Shed Loads

I have, yet again left it all to the last minute to do any work on the plot this week. Unlike last week I hadn’t visited the allotment even once until this morning. In my defence, every time I’ve thought about a visit this week, it’s rained. This morning, however was bright sunshine so I headed down first thing with a plan to water and tidy and just generally bask in how lovely the plot is looking at the moment.

Jane, one of the other plot holders had other ideas though! Last week, or the week before possibly I noticed some of the felting had come off the shed roof leaving a rather large gap which was letting light through, and, of course if it can let light through it can let water through. Dan put a plea out for any spare roofing felt and Jane left a roll of it near my shed during the week. Yesterday I bought some roofing nails and adhesive which I took with me to the plot this morning. If I’m honest I was just going to leave them in the shed and think about it next week but Jane appeared and offered to help me fix the roof so I took her up on her kind offer. Neither of us knew what we were doing – Jane had seen someone fix a shed roof but that was all we had. Despite that I reckon we did an ok job. Jane painted on the bitumen adhesive and I secured the felting by banging the nails in. It all seemed to go ok apart from one hairy moment when I nearly ended up in a near full water butt when the lid I was resting my foot on (luckily just for balance) slipped!

The roof took us the whole morning and we both ended up with bitumine all up our arms, but it was well worth it. I have just had a message from Jane telling me she thinks we may have put the felting on the roof the wrong way – it should have gone along the length of the roof. I’ve had a quick look online and I think she’s right. I’m not sure either of us can face redoing it so it will just have to stay as it is.

Last week I planted the kale and purple sprouting brocolli given to me by another plot holder. I knew I needed to cover them, so I had a look online and ordered a cloche type thing. This morning I put it together. It was incredibly easy to do (unlike the roof!) and it was up and covering the plants within minutes. Very pleased with myself.

The netting cover over the cauliflowers is still standing. As I had to use two separate pieces to cover the area the overlap in the middle was a bit of a problem – I needed something to keep it closed. At the same time as ordering the cloche I also ordered some pegs to peg the netting together. Again, they seem to have worked remarkably well and I now have an impenetrable fortress around the cauliflowers!

A couple of the spinach plants are doing really well since I moved them into a shadier part of the plot. I also has 2 little seedlings in the greenhouse today which I transplanted into the oustide pots to replace the ones that didn’t make it. Hoping they’ll follow the example of the healthy plants and give me lots of lovely spinach leaves for my morning smoothies.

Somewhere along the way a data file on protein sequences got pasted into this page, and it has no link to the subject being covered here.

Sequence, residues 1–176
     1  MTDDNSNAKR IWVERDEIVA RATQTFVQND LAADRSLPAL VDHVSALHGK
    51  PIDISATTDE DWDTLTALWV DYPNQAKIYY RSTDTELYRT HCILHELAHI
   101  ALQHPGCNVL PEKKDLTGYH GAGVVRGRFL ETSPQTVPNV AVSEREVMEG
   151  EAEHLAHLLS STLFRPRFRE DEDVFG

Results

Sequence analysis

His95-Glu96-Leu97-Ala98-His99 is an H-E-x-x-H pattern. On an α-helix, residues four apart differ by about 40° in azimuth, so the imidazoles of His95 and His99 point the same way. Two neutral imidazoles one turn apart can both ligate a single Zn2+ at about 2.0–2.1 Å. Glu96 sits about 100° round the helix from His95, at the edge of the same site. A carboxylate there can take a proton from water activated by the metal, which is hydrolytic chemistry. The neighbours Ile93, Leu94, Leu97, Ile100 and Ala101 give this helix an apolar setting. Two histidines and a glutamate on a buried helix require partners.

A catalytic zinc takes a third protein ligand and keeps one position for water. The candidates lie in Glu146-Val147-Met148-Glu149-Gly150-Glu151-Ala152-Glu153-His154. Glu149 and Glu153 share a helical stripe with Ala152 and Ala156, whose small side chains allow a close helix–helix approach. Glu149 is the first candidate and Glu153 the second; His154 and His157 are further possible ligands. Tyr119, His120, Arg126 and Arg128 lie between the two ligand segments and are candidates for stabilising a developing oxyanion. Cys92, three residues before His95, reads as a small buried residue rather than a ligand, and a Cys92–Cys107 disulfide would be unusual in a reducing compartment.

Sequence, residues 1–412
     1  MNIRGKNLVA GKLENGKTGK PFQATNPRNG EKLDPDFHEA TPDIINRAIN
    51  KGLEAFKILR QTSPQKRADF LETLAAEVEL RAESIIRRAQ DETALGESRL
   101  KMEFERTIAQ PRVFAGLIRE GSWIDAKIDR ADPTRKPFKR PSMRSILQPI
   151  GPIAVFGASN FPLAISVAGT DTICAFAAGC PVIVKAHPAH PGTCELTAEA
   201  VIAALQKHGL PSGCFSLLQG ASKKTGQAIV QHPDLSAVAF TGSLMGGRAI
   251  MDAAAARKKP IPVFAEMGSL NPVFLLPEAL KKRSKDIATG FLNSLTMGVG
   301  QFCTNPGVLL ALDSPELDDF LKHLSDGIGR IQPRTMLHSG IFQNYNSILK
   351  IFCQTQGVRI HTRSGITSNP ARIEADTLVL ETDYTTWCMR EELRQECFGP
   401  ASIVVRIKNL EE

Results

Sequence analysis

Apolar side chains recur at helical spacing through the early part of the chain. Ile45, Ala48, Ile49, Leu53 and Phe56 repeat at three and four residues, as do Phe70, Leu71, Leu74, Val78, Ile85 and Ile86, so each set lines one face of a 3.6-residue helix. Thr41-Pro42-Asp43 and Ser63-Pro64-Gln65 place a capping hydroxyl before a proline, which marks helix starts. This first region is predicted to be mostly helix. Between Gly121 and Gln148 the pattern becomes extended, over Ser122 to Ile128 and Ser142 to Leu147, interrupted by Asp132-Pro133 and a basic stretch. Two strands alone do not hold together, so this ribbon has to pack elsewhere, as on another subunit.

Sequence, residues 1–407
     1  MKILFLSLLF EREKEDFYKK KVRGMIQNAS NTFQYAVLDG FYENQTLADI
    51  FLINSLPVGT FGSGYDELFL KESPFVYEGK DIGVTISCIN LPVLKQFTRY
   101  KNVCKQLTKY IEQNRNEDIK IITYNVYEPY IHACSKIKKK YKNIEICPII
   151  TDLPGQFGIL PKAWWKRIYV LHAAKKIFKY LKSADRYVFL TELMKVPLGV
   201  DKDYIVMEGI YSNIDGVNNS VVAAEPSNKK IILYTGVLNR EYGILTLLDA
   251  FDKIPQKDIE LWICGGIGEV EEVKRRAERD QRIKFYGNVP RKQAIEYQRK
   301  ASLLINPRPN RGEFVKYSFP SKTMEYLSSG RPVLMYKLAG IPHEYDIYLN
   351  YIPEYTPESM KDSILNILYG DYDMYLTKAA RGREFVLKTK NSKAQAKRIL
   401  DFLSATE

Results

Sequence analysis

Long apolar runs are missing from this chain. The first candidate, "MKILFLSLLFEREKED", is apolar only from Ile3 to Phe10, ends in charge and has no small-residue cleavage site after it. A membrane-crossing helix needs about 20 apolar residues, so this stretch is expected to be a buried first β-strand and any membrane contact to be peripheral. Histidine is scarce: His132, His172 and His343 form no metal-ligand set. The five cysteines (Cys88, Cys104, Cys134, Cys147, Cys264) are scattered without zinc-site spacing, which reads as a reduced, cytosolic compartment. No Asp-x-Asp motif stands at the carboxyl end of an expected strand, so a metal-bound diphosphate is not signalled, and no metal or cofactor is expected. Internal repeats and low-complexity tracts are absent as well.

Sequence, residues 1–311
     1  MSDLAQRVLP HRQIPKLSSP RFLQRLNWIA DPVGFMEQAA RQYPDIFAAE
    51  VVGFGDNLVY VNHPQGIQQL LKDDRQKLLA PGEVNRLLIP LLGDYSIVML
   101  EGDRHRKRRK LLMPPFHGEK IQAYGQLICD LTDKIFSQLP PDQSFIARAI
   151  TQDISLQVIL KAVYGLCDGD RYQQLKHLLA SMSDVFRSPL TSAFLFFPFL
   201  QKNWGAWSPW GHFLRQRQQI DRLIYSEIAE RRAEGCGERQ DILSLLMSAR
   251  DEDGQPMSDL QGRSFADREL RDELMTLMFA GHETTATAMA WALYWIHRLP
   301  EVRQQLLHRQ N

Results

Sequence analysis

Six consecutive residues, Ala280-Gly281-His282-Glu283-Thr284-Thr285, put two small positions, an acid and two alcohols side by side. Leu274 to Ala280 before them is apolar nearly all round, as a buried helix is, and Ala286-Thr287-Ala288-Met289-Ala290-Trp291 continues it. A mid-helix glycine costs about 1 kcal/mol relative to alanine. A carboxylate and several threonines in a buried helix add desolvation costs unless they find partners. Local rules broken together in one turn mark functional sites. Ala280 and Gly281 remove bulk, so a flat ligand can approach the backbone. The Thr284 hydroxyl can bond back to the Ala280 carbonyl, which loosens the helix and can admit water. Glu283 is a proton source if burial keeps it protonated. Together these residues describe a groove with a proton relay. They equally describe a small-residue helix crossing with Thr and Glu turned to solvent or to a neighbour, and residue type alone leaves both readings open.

I really think the pumpkin’s had it. It looks worse every time I see it. I’ll see what it’s like over the next week or so but if it doesn’t perk up I’m going to have to replace it with something else – possibly another, healthier pumpkin plant if I can find one.

The plants I gave my mum are doing brilliantly. She had a couple of aubergine seedlings and some peppers. One of the peppers is just loving her greenhouse and is already looking like I may have to repot it soon and the 2 aubergine plants will definitely need to be moved to bigger pots.

What didn’t do so well were the cucumber plants I gave her. However, I planted some cucumber seeds in the pots she used for tomatoes last year and every single one of them has germinated and there were, what I think are peppers popping up in the cucumber pots which I’ve now moved in with the other peppers. Just shows how much they all like a bit of warmth.

My cucumbers are not doing quite as well as mum’s. The original, larger cucumber seems to be struggling a bit. Like the pumpkin, I’m pretty sure it’s on its last legs but we’ll see.

I haven’t been able to harvest Rhubi for a while because she just didn’t look ready. I noticed today there are lots of new shoots coming through so it looks like I may be able to harvest some stems soon.

Every visit to the plot involves a quick top up of the compost bins with kitchen scraps. Today, however due to the growth of the blackberry bushes they were a bit more difficult to access. I ended up having to almost crawl through to reach the bin I’m currently using. Didn’t think of that when I put the 2nd bin there. Although I can’t complain at all the lovely blackberries I’ll soon be harvesting.

I had this little visitor on the plot today. It jumped into my plant cuttings box and stayed long enough for me to take a photo of it. Incredibly well camouflaged.

Nothing yet from the chard bed. I was optimistically expecting to see some shoots this week but looks like I’ll have to wait a little longer.

Here’s how I left the plot this week. I think it’s looking great (despite the shed roof mistake!)

One thought on “Shed Loads

  1. Rhubi is even more enviable now that my green rhubarb was ruined! I needed to prune back a forsythia, but in the process, exposed all the formerly shaded rhubarb. I did not realize how much the rhubarb had grown until it was exposed. I really should have pruned the forsythia earlier, so that the rhubarb could have matured properly. Anyway, I thought that the rhubarb would be sheltered enough to finish maturing, but it got roasted during warm weather the following day. The upper surfaces of the petioles needed to be sliced off. There was very little left. It got chopped, and is not drying so that I can add it to oatmeal.

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